Both the existing system and the JROC system seek the same goal; namely, adjusting the parochial interests of separate military services to produce a better whole. Yet, the two systems start from different assumptions. When he created the existing system, Secretary McNamara believed that asking for cross-service trade-offs was asking for an unnatural act from military professionals. Each had spent 30-plus years in a single military service, and now sat at the top of his respective service's interests.

The new JROC system, still in its infancy, is founded on an assumption McNamara rejected: that senior military leadership can act as members of a corporate board, in addition to their individual roles as defenders of service interests; that the military can shift funds from one service to another in the context of a non-zero-sum game.

The JROC process, however, is built on the notion that senior military leaders cannot do this unless they circumvent normal staffing procedures. The process does, in fact, differ significantly from what normally happens inside either individual service staffs or joint staffs. Having the right people address the right issues, over the right amount of time is the central tenet of the new JROC process.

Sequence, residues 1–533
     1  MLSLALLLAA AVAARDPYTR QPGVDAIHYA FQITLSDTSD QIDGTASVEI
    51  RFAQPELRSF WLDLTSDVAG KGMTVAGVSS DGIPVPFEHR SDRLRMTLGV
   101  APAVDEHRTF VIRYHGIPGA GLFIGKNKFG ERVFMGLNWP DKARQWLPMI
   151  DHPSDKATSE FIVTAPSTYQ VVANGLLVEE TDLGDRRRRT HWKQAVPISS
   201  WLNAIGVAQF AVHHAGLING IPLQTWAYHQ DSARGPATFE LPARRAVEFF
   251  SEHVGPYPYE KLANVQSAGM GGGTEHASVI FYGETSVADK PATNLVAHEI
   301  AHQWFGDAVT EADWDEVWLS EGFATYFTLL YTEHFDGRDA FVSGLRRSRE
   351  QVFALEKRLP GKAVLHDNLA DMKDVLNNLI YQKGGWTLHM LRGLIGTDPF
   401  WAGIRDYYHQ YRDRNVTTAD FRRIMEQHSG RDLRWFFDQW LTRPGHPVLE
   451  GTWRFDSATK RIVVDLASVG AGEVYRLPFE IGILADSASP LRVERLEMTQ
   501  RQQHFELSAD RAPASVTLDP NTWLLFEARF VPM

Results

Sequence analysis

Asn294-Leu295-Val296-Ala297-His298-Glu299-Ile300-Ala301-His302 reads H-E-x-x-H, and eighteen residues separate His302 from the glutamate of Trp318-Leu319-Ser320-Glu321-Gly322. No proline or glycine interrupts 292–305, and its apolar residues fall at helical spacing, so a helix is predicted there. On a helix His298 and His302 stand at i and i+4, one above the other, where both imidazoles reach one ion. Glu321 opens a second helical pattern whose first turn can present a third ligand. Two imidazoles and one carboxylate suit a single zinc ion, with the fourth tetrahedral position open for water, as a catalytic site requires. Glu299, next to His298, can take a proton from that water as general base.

Accordingly, the amount of time members of the JROC spend together in meetings is extraordinary: on average, about 10 hours a week (not counting preparation or debriefing). The JROC sessions accompany an unprecedented number of off-site, all-day discussions of the Joint Chiefs, the unified commanders, and the JROC members devoted to identifying joint military requirements.

The discussions are candid, sometimes heated, and in-depth. And, unlike much of what happens in Pentagon meetings, they have been devoid of staff-prepared talking points, written by the "iron majors" and other defenders of orthodoxy.

The four-star military discussants in these sessions act as a military board of directors, in addition to their roles as defenders of service interests.